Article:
Imagine a place where the landscape transforms from rich, agricultural lands built upon sediments brought down from historic cataclysmic floods to dense forest atop ridges cut by hundreds of creeks in just the turn of a corner.
Imagine a place that exemplifies the four seasons, transforming the valley from a crisp, white wonderland of rolling hills to fields blanketed by wildflowers. Where iconic amber waves of grain give way to vibrant displays of fall foliage.
Imagine a place where you can enjoy a locally-sourced breakfast, shop for the day’s picnic at the farmers market, raft a Wild and Scenic River, and be back in time to unwind with a few friends at the annual Chamber Music Festival at the heart of town. That place is Walla Walla, Washington, and we can’t wait to show it to you.
Outside Walla Walla was designed with one goal in mind—showcase outdoor recreation opportunities in the Blue Mountain region. With over a million acres of National Forest, including three wilderness areas, across southeast Washington and northeast Oregon, there are numerous opportunities to hike, bike, camp, fish, raft, and so much more.
From a family with small children to thrill seekers, there is something for everyone. A leisurely stroll along the South Fork Walla Walla Trail could easily become a mountain biker’s dream ride.
Go north, go south, go east—the terrain surrounding Walla Walla is unique and interesting, which makes it an amazing place to explore and recreate.
Outside Walla Walla exists for those with an adventurous spirit, a collection of tales of being in the wild and ideas about how to create your own adventure. No experience needed. If this is your first time biking a trail or casting into the river, welcome, and prepare to be amazed.
If you fell in love the first time you saw the sun rise over a field of balsamroot, welcome back—there are countless memories to be made. If you’ve hiked all 715 miles of trails in the Umatilla National Forest, awesome—can’t wait to meet you out there someday. Welcome to Outside Walla Walla!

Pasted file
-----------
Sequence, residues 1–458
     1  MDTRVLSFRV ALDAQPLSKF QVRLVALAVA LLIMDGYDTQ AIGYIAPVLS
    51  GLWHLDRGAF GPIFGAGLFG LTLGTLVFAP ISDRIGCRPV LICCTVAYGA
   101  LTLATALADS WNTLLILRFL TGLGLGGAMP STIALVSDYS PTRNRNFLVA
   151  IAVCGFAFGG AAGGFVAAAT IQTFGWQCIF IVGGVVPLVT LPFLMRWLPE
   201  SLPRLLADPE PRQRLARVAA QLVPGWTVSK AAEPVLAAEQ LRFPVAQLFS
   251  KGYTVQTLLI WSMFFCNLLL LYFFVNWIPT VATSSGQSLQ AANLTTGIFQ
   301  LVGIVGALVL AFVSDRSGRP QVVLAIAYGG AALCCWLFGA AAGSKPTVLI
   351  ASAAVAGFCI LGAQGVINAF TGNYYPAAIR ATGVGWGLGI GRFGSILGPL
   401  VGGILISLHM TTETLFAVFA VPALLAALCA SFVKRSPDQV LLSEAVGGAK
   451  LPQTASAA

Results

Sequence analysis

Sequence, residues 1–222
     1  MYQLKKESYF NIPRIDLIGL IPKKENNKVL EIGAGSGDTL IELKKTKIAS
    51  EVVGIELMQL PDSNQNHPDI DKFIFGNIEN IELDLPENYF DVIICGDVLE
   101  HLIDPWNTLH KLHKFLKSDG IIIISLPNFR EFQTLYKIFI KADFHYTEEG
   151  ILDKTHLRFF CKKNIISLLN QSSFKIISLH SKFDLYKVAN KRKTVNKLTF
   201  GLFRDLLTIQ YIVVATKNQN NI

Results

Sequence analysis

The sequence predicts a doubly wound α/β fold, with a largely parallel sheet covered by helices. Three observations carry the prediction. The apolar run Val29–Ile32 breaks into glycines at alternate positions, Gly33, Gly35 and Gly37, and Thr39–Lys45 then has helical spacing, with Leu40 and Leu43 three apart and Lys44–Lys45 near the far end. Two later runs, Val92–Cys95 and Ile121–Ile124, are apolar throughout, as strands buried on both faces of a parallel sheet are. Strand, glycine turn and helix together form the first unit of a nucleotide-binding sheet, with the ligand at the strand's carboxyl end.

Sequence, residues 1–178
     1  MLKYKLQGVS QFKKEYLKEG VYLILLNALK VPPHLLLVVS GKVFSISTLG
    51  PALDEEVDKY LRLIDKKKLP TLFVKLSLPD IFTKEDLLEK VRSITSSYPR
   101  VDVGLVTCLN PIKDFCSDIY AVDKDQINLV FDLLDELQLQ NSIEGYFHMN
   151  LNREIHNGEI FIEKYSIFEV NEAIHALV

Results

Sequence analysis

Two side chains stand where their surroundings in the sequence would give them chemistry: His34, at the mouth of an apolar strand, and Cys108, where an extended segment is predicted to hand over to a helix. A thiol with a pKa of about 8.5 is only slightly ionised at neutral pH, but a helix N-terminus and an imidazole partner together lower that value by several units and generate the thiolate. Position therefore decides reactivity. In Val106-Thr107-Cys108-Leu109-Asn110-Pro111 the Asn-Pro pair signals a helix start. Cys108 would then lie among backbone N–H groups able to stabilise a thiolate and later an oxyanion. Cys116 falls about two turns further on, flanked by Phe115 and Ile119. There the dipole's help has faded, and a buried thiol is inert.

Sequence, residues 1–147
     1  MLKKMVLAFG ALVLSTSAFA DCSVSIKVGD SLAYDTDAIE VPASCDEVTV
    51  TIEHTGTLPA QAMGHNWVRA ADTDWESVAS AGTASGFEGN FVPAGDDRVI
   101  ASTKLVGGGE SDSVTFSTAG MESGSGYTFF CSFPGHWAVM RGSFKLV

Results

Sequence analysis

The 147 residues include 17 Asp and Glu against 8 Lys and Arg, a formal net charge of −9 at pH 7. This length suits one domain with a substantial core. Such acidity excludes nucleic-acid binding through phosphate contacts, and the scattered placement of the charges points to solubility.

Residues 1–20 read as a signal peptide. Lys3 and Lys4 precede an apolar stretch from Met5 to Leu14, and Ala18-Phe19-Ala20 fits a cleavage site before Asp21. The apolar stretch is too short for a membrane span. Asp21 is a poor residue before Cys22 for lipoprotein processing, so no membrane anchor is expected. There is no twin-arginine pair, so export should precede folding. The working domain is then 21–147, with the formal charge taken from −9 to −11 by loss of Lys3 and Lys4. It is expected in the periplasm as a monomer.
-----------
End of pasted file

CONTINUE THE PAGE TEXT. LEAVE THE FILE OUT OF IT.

Thanks to a group of local, engaged elementary students, Palouse Falls is the official state waterfall of Washington. Dropping roughly 180 feet, Palouse Falls is a must see attraction. Yet another geologically interesting location, it is truly an impressive feature of the landscape. The park offers multiple views of the falls and many interpretive signs to enrich the experience.
Hundreds of miles of trails; over a thousand miles of wild, unobstructed rivers; waist-deep, soft, dry snow; and a few mountain lakes await locals and visitors alike. There are plenty of activities to span the seasons. Outside Walla Walla focuses on providing first hand accounts of the Blue Mountain region and all the hiking, biking, camping, fishing, water sport, and snow sport opportunities we can find.
Hopefully along the way, we can all learn more about our natural world and ways to enjoy the wild while keeping it wild.
We hope you will spend a little time exploring our site. As our catalog of activities grows, we hope you find something new and inspiring with each click. Your feedback is always appreciated, and if you have an idea of where we should head next we welcome suggestions.
With something for everyone and every ability, it is time to head outside.
And if you like a good campfire story, check out our blogs—Adventures, Campering, and Grow Them Wild. Adventures offers ideas about what to do, how to get started, and other fun stories about our area.
Campering focuses on our journey traveling around the Pacific Northwest with two small kids in a camper, and Grow Them Wild offers ideas from experience (the good, the bad, and the poorly planned) about engaging kids with nature.